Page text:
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White Sands, Red Menace (Green Glass #2)
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White Sands, Red Menace

( The Gordon Family Saga #2)

3.98  ·  Rating details ·  1,019 ratings  ·  202 reviews
It is 1946. World War II is over--ended by the atomic bomb that Dewey Kerrigan's and Suze Gordon's scientist parents helped build. Dewey's been living with the Gordons since before the war's end, before her father died, moving south with them to Alamogordo, New Mexico. At the White Sands Missile Range, Phil Gordon is working on rockets that will someday go to the moon; at ...more
Hardcover, 344 pages
Published October 2nd 2008 by Viking Books for Young Readers
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3.98  · 
Rating details
 ·  1,019 ratings  ·  202 reviews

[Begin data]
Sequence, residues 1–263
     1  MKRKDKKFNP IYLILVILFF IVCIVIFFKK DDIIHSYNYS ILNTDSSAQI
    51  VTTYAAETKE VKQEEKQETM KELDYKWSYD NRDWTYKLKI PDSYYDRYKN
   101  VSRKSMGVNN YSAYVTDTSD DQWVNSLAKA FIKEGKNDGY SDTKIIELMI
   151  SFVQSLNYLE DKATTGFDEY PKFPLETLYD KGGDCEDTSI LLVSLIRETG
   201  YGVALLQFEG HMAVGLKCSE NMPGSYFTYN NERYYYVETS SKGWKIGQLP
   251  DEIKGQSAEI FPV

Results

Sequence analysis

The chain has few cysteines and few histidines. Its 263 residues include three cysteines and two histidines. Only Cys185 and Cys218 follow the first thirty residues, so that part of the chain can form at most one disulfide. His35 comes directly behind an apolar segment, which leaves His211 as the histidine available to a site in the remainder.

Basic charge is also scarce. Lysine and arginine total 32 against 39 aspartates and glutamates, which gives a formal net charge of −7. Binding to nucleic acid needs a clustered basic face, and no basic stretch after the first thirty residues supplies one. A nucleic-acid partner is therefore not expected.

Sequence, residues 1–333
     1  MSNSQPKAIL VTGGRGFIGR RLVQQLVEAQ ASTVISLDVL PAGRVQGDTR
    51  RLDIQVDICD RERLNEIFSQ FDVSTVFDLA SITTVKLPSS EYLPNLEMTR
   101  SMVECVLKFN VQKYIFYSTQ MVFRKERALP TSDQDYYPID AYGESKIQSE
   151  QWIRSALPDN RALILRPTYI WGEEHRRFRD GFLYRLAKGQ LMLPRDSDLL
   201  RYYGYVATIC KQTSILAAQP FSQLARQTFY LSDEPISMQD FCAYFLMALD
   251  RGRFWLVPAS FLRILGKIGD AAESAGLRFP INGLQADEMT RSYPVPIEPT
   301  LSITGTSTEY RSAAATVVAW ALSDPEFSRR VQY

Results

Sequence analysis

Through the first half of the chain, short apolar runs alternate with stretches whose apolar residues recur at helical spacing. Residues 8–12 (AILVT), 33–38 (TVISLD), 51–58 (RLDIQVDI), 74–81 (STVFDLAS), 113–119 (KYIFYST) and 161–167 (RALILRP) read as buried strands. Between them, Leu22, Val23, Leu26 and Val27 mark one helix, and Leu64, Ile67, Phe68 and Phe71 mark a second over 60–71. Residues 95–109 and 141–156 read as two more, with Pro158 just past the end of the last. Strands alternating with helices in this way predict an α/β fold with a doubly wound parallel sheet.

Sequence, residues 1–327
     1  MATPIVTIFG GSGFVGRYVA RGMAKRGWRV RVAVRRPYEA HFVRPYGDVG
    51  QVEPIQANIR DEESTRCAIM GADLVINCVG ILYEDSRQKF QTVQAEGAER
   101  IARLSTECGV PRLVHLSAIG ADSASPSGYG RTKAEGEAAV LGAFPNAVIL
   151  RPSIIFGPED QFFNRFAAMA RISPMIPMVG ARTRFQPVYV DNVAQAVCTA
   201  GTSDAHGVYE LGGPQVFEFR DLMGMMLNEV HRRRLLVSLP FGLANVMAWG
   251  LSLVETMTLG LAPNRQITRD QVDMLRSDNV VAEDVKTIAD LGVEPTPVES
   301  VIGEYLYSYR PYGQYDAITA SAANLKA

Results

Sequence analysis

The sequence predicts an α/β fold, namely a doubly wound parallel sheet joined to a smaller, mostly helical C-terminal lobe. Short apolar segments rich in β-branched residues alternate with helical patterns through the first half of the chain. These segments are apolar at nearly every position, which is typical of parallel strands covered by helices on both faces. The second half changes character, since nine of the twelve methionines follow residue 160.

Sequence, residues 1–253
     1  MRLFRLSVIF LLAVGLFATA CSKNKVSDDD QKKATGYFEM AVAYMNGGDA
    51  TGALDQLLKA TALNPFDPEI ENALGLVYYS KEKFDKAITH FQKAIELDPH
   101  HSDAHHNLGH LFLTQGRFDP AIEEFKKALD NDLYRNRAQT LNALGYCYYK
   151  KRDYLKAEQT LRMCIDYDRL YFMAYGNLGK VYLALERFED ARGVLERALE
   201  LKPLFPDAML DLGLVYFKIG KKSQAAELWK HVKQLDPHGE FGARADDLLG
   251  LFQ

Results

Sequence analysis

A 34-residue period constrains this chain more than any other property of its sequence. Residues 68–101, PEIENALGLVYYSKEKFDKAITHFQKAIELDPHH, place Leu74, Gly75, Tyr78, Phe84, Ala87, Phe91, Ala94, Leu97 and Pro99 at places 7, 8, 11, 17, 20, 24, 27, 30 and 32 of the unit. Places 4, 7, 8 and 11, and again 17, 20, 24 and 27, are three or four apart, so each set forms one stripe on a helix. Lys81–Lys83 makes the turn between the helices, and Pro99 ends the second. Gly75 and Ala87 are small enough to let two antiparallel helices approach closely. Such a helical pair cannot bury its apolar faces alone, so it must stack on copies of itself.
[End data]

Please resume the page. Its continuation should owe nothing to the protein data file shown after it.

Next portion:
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Lisa Vegan
Dec 12, 2008 rated it really liked it
Recommends it for: all fans of the book The Green Glass Sea; fans of historical fiction and coming of age novels
While not quite as brilliantly wonderful as the first book, it’s still quite enjoyable to spend time with these people, and it grew on me more & more; by the end it felt like a solid 4 star book. For awhile I vacillated between 3, 3 or 4 stars, but it ended up a full 4 stars for me.

Terry Gordon and her activism (against the bomb) (and smoking and social drinking) reminded me a bit of my mother. (In the early 60s at a family cabin camp we were told to collect and turn in material that I gues
Oct 19, 2014 added it
This is a middle grade historical novel. It is also a critique of the present day adult science fiction genre and its love affair with the space program--and the tension between the optimism fans of the genre claim to long for more of today and the troubling and not always optimistic origins of the things at the core of that optimism.